I could grow to love that Christmas album.
‘We could be swinging on a star.’
Stuck in the valley for an hour or so because of an electrical fault on two lifts meant a prolonged chocolat chaud stop watching the snow fall on the mountain. Guys in black and red jackets running around in the blizzard trying to get everything up and running again. Falling in powder and hitting rocks on ‘Morbleu’; climbing the ridge for a fresh descent into a new bowl that feeds an old favourite. Back late to the apartment to open presents and the stocking that’s followed me all over the world at Christmas.
My eyes adjusted to the sunlight bouncing off the snow as the chairlift stuttered to a slow swing high above the rocks below. The winds were whipping loose snow up and over the ridges all around the valley. It looked like steam rising from an enormous contoured bath or spirits leaving the earth in droves, spiraling up towards Heaven. It’s on days like this, when the sky is at its bluest, that I feel most happy. The wind blew harder buffeting my chair from side to side – I held onto the metal frame and tried not to think about falling.
Rooting around in the loft and I stumble across a box full of stuff from Uni that I haven’t seen in years. Programmes and scripts from ‘Arcadia’, ‘The Seagull’ and, ‘The Tempest’ complete with Good Luck cards and First Night meal menus. The radio-play I wrote in my final year with all my notes stacked and stapled underneath. Whole albums of photos from Sixth Form, nights out in Sheffield and that trip to Brussels. Best of all: a shot of two guys smiling, drinking beers, halfway through their skydiving course. A crazy summer; we look so happy to be alive.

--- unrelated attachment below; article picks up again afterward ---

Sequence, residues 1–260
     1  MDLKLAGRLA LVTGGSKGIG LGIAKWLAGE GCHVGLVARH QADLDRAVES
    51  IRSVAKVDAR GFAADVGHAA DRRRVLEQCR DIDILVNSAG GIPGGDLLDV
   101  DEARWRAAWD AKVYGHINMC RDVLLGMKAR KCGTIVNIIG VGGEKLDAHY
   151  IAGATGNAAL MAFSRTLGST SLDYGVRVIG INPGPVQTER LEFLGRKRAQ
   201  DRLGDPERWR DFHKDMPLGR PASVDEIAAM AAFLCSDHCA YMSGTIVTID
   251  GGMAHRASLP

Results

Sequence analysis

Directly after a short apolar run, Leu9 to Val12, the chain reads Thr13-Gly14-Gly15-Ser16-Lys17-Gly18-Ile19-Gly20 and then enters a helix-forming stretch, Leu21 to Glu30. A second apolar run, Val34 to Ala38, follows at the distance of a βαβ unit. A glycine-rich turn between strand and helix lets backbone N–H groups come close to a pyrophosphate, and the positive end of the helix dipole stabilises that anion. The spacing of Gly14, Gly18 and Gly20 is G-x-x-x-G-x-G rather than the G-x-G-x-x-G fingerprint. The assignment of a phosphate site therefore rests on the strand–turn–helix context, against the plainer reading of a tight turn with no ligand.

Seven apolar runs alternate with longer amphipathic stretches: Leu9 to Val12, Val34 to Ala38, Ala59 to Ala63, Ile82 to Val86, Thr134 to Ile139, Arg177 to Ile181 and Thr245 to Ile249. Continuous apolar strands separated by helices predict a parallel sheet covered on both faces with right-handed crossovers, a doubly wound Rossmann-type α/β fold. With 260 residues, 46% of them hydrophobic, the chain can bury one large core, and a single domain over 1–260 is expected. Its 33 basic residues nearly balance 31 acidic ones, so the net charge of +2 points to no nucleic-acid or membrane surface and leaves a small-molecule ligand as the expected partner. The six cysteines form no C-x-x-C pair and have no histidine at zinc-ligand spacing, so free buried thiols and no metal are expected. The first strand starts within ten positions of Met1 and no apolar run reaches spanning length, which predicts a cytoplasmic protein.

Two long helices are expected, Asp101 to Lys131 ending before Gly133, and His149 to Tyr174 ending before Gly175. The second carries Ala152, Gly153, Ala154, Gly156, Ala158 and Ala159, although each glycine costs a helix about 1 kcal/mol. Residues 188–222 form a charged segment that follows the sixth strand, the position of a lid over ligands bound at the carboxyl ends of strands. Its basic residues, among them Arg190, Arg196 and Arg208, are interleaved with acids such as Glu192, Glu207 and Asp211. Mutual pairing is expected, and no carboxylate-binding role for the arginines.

It’s like stepping back in time two months to a point where she’s unsure of herself again. It makes sense: she sees it as a new beginning after Christmas. A beginning without him, for sure this time. I don’t think anyone imagined it would have reached this stage or gone on for so long. I think she hoped it would have all been resolved somehow. I know I did. Regardless, this is where we are now and she’s going to have to pick herself up again. She can be a tough little cookie but sometimes it hits her pretty hard.